Clues in the clouds
An understanding of what lies ahead may be written in water vapor.
By Karsten Shein
Comm-Inst, Climate Scientist
Anvil of a distant cumulonimbus approaches Geneva, Switzerland in May 2011. Approaching storms are often preceded by cirri that form as the leading edge of the anvil is sheared by strong winds aloft.
As they left the hotel, the copilot looked up and remarked to the pilot, "Red sky in the morning... Maybe we ought to ask the boss if we can leave an hour or two early."
"That's an old wives' tale," said the pilot. "The briefing I got last night has the front holding to our west until after we're done for the day. Should be smooth sailing all the way. No need to bug the boss."
But, by the time the boss showed for the noon flight, the sky was already covered with an ominous stratus deck. Although the pilots managed to climb over the worst of it, the approach was made with the deicing boots humming, and it took 3 approaches to get a fix on the runway before hitting the MDA.
Long before weather maps, sailors, farmers and just about anyone else who needed to figure out what the weather had in store for them that day had to rely on the one of the few visual clues available to them—the clouds. Fortunately, as prognostication tools went, clouds were a pretty good predictor of forthcoming weather. They still are.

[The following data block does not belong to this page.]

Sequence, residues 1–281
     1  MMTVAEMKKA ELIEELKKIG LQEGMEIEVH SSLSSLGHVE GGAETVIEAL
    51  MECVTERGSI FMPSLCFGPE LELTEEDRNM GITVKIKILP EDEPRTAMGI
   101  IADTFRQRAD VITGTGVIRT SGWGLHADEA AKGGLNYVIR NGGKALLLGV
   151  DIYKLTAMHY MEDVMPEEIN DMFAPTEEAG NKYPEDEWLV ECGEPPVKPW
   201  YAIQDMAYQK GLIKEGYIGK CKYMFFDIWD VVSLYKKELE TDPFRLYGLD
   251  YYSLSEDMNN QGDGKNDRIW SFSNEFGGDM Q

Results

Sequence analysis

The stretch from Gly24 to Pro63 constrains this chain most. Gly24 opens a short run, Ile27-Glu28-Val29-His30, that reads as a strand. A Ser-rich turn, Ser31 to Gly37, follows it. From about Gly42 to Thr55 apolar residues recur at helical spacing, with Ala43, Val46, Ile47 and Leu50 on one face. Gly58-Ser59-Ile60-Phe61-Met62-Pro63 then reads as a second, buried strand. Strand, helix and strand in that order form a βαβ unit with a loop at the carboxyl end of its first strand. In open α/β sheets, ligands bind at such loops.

Why are clouds so good at helping us understand what the atmosphere is going to do? The answer is fairly simple. Clouds are an integral part of atmospheric processes. They are a function of the energy and moisture contained in the air.
They are also easily moved by the motion of the air—and, since certain larger weather phenomena usually behave in the same way time and again, the cloud patterns associated with them are well known. This combination of factors lets clouds serve as indicators of the near-future state of the atmosphere through which you are going to fly.
To make a cloud
At any given time and place, there is some water vapor in the air. In general, only about 2–3% of the lower atmosphere is made up of water molecules. In fact, since the limit on the amount of water the air is capable of holding is a function of temperature, the most that Earth's atmosphere can hold, given its normal temperature range, is about 4%. However, given that the air exerts a pressure of almost 15 psi, that means that at 3% about 1/2 lb of that is water.
Over one square mile that amounts to 1.8 billion pounds of water (actually a little less, since a water molecule is lighter than the oxygen and nitrogen molecules that make up dry air). Again, because the actual amount the air is capable of holding is temperature-dependent, that amount will be lower in cold environments and higher in warm places. The amount is, of course, also dependent on the availability of water to put into the air.
Moisture gets into the air as energy is absorbed by surface water from solar radiation and other heat sources to the point where liquid water is evaporated or ice is sublimated into a gas. Most often, these water molecules lose that energy to the atmosphere and condense before they get more than a few millimeters off the surface.